Psalm 93:1, Psalm 96:10, and I Chronicles 16:30 state that "the world is firmly established, it cannot be moved." Psalm 104:5 says, "[the Lord] set the earth on its foundations; it can never be moved." Ecclesiastes 1:5 states that "the sun rises and the sun sets, and hurries back to where it rises."

Galileo defended heliocentrism, and claimed it was not contrary to those Scripture passages. He took Augustine's position on Scripture: not to take every passage literally, particularly when the scripture in question is a book of poetry and songs, not a book of instructions or history. The writers of the Scripture wrote from the perspective of the terrestrial world, and from that vantage point the sun does rise and set. In fact, it is the earth's rotation which gives the impression of the sun in motion across the sky.

Martin Luther once said:

"There is talk of a new astrologer who wants to prove that the earth moves and goes around instead of the sky, the sun, the moon, just as if somebody were moving in a carriage or ship might hold that he was sitting still and at rest while the earth and the trees walked and moved. But that is how things are nowadays: when a man wishes to be clever he must . . . invent something special, and the way he does it must needs be the best! The fool wants to turn the whole art of astronomy upside-down. However, as Holy Scripture tells us, so did Joshua bid the sun to stand still and not the earth."

I believe that this is exactly what is going on today only today it is taking place within the scientific community itself. Skepticism is important in science, but so is looking at all the evidence and forming and objective opinion..


posted on Mar, 24 2008 @ 05:23 AM

I propose that true skepticism is called for today: neither the gullible acceptance of true belief nor the closed-minded rejection of the scoffer masquerading as the skeptic. One should be skeptical of both the believers and the scoffers.

I absolutely LOVE that bit.

It's what I've always believed. The only way we are ever going to break the current deadlock in UFO investigations is to be truly open-minded in the approach to their study.

Superb article and great post, OP. Starred and flagged

posted on Mar, 24 2008 @ 10:17 PM

As a skeptical believer I too am pissed-off about the amount of hoaxes, fanatics and stone-dead skeptics that proliferate this vast area of enigma.

But to have a professional scientist with VERY credible credentials come at the UFO issue with a clear and clinical view is a breath of fresh air cutting through the clogging smog of personal beliefs.

Starred. Flagged. AND SMILEY STAMPED!!

posted on Mar, 25 2008 @ 06:41 AM
You can place me firmly in the skeptical believer basket. I see it as a badge of honor. I would like to see a few changes to ATS T&C's to reflect this for the general health of the movements that dominate the forums.

When someone spouts, Aliens have a secret underground base underneath my house and I fight their UFO's with thought weapons, what is a rationally minded ATS member to say? C'mon! Honestly!

Should our collective intelligence be insulted in such ways? Should the hard working skeptical believer's name be allowed to be sullied by such behaviors? Lets be honest, we all know that the media and the average "Joe Public" tends to throw us all into the same basket. You can't deny what history has shown us time and time again.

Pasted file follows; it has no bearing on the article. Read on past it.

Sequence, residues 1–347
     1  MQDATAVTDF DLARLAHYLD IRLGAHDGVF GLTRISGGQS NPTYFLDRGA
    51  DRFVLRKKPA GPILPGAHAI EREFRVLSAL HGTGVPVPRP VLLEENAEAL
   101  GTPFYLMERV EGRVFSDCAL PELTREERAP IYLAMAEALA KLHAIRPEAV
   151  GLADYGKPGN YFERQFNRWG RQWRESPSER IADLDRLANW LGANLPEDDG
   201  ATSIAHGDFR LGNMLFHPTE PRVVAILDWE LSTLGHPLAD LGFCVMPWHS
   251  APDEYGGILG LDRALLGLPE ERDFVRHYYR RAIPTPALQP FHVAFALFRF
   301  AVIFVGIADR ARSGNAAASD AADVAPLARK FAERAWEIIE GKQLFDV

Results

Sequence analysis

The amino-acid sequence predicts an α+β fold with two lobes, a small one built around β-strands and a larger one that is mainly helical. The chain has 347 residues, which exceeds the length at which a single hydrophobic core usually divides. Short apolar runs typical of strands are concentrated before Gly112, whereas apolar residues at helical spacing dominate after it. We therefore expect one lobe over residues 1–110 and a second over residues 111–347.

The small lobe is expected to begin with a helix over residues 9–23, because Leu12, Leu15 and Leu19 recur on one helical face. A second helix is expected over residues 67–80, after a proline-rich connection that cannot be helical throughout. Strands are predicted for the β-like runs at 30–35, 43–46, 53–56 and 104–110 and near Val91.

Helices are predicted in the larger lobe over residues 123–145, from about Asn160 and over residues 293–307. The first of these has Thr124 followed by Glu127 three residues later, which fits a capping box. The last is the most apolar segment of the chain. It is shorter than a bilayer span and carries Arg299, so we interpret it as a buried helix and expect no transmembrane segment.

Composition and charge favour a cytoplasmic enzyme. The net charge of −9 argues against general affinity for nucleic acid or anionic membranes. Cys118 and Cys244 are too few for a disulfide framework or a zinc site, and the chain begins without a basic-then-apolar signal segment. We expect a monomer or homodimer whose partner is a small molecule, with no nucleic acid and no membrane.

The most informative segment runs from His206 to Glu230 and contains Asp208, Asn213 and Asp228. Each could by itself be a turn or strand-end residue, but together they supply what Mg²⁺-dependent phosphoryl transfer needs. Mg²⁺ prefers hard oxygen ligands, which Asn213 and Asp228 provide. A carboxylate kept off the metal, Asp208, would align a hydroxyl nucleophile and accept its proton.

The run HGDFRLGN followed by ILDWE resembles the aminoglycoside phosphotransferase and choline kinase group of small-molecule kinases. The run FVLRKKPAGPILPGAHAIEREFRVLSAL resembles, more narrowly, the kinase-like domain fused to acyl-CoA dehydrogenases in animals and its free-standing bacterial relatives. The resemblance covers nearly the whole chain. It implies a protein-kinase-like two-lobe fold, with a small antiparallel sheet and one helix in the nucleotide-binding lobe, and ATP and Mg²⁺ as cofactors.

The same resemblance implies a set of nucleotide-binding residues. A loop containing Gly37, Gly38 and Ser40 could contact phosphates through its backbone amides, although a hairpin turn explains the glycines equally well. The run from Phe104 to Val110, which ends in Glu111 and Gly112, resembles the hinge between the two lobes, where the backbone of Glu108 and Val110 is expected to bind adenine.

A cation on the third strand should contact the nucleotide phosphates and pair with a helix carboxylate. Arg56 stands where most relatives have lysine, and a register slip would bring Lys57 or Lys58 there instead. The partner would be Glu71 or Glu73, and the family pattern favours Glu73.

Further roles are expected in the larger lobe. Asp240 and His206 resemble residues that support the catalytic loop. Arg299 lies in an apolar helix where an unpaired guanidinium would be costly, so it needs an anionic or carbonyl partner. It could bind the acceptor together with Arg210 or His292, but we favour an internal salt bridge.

On the other side of the coin, should other ATS members be allowed to then urge them on in what is obviously a deluded belief system? If there is a mentally unstable person saying these things, is ATS willing to bare the cross of allowing a situation to continue that may flip this person completely over the edge?

I think ATS has a duty of care to it's members firstly, and then to it's advertisers and affiliates. Sure sensationalism provides hits and keeps advertisers happy but what are the real human consequences? We don't have to spend a day in these peoples skins to see what urging them on may be doing to their mental health. We are always a comfortable step away from absorbing any blame in the matter.

I believe it's time people here calmed down their sensationalist statements.

Instead of saying, "I know Reptilians exist!" or "I know the NASA covers up everything!", perhaps there should be an enforced policy of making people say "I believe....." if they can't provide tangible proof to back up their rhetoric?

Perhaps there should be a policy of question marks instead of exclamations and a removal of divisive materials that only serve to create s*** fights within the threads?

I'm all for a more skeptical approach here. Perhaps we should have an area dedicated to those who wish to take a more balanced approach where some proof (if only a little) is required?

I know this is a Conspiracy Forum but the tag-line is Deny Ignorance. I can see why the lines are firmly drawn in the sand here because it appeals to both parties.

[edit on 25/3/08 by InfaRedMan]

posted on Mar, 25 2008 @ 02:42 PM
like I said. Skepticism is important. But so is being objective and looking at all the evidence. I don't think scientists truly look at all the evidence of UFO's and the paranormal